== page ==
How Fiction Works
Format: PDF / Kindle (mobi) / ePub
In the tradition of E. M. Forster's Aspects of the Novel and Milan Kundera's The Art of the Novel, How Fiction Works is a scintillating study of the magic of fiction--an analysis of its main elements and a celebration of its lasting power. Here one of the most prominent and stylish critics of our time looks into the machinery of storytelling to ask some fundamental questions: What do we mean when we say we "know" a fictional character? What constitutes a telling detail? When is a metaphor successful? Is Realism realistic? Why do some literary conventions become dated while others stay fresh?
James Wood ranges widely, from Homer to Make Way for Ducklings, from the Bible to John le Carré, and his book is both a study of the techniques of fiction-making and an alternative history of the novel. Playful and profound, How Fiction Works will be enlightening to writers, readers, and anyone else interested in what happens on the page.
“getting a character in.” He says that Conrad himself “was never really satisfied that he had really and sufficiently got his characters in; he was never convinced that he had convinced the reader; this accounting for the great lengths of some of his books.” I like this idea, that some of Conrad’s novels are long because he couldn’t stop fiddling, page after page, with the verisimilitude of his characters—it raises the specter of an infinite novel. At least the apprentice writer, with his bundle
pretty much as brutally as the coffin-maker would—”There were not many patients, and he did not have to wait long, only about three hours”—but continues to see this world after the coffin-maker has died. The Sicilian writer Giovanni Verga (almost exactly contemporaneous with Chekhov) used this kind of village-chorus narration much more systematically than his Russian counterpart. His stories, though written technically in authorial third person, seem to emanate from a community of Sicilian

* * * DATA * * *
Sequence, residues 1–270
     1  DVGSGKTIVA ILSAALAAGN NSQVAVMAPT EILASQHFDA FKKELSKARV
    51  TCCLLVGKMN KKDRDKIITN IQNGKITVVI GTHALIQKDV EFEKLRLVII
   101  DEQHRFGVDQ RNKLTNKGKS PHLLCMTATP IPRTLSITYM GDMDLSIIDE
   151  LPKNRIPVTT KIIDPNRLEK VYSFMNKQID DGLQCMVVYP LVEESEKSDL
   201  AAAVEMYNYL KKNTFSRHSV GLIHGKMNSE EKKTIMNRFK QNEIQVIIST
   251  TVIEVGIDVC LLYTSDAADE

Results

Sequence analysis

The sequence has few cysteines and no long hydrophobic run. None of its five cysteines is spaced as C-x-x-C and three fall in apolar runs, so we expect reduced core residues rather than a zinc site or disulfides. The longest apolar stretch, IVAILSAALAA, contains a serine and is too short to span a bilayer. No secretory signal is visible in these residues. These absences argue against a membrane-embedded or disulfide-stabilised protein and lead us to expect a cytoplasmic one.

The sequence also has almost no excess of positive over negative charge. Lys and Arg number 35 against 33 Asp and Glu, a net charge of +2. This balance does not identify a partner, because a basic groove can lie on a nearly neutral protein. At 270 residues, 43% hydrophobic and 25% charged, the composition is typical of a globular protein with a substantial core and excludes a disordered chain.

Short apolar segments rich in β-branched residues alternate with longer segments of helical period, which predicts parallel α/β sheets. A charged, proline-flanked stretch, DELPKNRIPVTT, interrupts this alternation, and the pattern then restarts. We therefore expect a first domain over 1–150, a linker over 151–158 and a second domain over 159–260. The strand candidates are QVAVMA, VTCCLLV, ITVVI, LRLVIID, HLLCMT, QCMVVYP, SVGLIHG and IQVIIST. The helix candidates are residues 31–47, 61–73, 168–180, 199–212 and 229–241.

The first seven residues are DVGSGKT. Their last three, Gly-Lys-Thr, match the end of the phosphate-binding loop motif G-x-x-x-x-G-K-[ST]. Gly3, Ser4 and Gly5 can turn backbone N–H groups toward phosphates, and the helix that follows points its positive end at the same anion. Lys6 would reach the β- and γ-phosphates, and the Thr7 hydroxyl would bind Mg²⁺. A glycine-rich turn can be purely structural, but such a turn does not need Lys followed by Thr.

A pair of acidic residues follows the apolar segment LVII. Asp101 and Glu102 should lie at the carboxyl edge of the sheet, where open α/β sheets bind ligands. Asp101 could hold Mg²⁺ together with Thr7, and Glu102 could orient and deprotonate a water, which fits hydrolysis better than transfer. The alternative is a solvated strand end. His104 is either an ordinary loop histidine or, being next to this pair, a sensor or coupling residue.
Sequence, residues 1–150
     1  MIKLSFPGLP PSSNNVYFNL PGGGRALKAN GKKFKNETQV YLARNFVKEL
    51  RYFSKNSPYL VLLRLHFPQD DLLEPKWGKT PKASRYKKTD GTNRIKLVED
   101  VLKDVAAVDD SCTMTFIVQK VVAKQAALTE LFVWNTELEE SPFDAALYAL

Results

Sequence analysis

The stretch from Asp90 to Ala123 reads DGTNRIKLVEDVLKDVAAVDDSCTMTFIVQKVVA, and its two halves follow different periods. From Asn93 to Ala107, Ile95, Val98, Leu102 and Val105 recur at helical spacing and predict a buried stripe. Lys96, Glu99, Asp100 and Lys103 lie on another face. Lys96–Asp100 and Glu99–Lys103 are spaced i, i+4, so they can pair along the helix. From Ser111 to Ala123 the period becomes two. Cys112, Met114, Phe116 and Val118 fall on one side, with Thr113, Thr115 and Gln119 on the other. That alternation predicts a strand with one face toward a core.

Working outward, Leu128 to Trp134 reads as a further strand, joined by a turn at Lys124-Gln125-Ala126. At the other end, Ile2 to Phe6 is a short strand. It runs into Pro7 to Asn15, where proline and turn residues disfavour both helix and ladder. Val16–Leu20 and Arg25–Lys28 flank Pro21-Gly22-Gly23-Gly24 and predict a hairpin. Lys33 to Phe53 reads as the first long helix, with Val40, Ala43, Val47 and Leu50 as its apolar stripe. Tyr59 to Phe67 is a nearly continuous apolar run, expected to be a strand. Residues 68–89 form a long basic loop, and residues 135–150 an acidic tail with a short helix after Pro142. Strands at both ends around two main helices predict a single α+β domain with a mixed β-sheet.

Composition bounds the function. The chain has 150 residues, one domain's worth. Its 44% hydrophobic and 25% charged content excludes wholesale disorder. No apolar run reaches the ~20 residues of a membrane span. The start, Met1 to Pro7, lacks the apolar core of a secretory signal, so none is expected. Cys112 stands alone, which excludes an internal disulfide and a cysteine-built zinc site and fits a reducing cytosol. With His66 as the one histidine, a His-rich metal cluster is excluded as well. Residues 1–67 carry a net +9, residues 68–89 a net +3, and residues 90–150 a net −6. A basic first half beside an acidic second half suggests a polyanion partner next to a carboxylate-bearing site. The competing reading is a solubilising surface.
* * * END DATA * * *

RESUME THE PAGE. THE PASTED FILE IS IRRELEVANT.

Wittgenstein’s Nephew (Bernhard), 154 Woolf, Leonard, 61—62 Woolf, Virginia, 120, 121, 152, 184, 185—86, 215, 242—43; Dostoevsky’s influence on, 164—65; metaphor, use of, 209—10; suicide of, 61—62; To the Lighthouse, 178, 209—10 Wordsworth, William, 48—50, 192, 243 Year of the Death of Ricardo Reis, The (Saramago), 107, 108—10, 111—12 Yeats, William Butler, 20
WITW salarymen had been on half time ever since Eckleschafft-Böd had forced Mrs. Anger to cut the editorial budget for everything except celebrity news, so in reality it was more like three finished pieces every eight weeks. Here is another example of what I called “unidentified free indirect style.” As in the Chekhov story, the language hovers around the viewpoint of the character (the journalist Atwater), but really emanates from a kind of “village chorus”—it is an amalgam of the kind of
language we might expect this particular community to speak if they were telling the story. 24 In Wallace’s case, the language of his unidentified narration is hideously ugly, and rather painful for more than a page or two. No analogous problem arose for Chekhov and Verga, because they were not faced with the saturation of language by mass media. But in America, things were different: Dreiser in Sister Carrie (published in 1900) and Sinclair Lewis in Babbitt (1923) take care to reproduce